A Philosophy of the Unsayable

University of Notre Dame Pess
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In A Philosophy of the Unsayable, William Franke argues that the encounter with what exceeds speech has become the crucial philosophical issue of our time. He proposes an original philosophy pivoting on analysis of the limits of language. The book also offers readings of literary texts as poetically performing the philosophical principles it expounds. Franke engages with philosophical theologies and philosophies of religion in the debate over negative theology and shows how apophaticism infiltrates the thinking even of those who attempt to deny or delimit it. In six cohesive essays, Franke explores fundamental aspects of unsayability. In the first and third essays, his philosophical argument is carried through with acute attention to modes of unsayability that are revealed best by literary works, particularly by negativities of poetic language in the oeuvres of Paul Celan and Edmond Jabès. Franke engages in critical discussion of apophatic currents of philosophy both ancient and modern, focusing on Hegel and French post-Hegelianism in his second essay and on Neoplatonism in his fourth essay. He treats Neoplatonic apophatics especially as found in Damascius and as illuminated by postmodern thought, particularly Jean-Luc Nancy’s deconstruction of Christianity. In the last two essays, Franke treats the tension between two contemporary approaches to philosophy of religion—Radical Orthodoxy and radically secular or Death-of-God theologies. A Philosophy of the Unsayable will interest scholars and students of philosophy, literature, religion, and the humanities. This book develops Franke's explicit theory of unsayability, which is informed by his long-standing engagement with major representatives of apophatic thought in the Western tradition.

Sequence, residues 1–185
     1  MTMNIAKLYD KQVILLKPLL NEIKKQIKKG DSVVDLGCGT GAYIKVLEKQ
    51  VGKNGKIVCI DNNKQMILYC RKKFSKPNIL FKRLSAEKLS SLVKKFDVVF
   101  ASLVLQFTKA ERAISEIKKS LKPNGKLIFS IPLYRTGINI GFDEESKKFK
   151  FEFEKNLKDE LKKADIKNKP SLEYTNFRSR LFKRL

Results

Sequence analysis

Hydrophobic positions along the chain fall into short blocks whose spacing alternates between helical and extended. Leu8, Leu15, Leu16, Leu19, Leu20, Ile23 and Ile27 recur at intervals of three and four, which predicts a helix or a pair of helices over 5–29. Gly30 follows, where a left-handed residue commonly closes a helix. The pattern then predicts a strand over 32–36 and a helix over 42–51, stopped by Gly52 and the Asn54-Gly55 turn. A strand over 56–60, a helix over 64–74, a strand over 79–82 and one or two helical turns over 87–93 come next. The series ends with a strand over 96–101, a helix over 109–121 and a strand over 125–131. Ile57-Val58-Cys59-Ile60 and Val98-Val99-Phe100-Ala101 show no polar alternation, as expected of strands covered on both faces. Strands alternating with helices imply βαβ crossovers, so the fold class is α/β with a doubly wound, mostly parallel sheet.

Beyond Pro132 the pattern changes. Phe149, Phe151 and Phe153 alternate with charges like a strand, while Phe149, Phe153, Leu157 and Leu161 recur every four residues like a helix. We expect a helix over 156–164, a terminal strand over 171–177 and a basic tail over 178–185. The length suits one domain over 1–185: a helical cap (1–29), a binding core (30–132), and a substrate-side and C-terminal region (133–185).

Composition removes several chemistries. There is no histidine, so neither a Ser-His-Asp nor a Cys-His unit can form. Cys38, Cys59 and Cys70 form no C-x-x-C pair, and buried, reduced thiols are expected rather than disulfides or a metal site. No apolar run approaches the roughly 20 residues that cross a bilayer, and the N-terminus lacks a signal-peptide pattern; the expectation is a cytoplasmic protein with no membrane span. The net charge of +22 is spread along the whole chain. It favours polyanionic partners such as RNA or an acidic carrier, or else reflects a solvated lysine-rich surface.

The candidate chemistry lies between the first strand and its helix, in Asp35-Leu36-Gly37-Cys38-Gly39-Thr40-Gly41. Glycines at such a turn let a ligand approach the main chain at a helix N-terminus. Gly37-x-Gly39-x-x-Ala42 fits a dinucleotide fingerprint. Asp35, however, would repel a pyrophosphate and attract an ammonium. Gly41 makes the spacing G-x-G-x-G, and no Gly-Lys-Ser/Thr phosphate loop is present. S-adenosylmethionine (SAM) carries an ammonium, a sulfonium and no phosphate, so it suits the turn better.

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About the author

William Franke is professor of philosophy and religions at the University of Macao and professor of comparative literature and religious studies at Vanderbilt University. He is author or editor of a number of books, including On What Cannot Be Said: Apophatic Discourses in Philosophy, Religion, Literature, and the Arts, vol.1, Classic Formulations, and vol. 2, Modern and Contemporary Transformations (2007), published by the University of Notre Dame Press.

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Additional Information

Publisher
University of Notre Dame Pess
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Published on
Mar 30, 2014
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Pages
392
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ISBN
9780268079772
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Language
English
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Genres
Philosophy / Epistemology
Philosophy / Religious
Religion / Christianity / Orthodox
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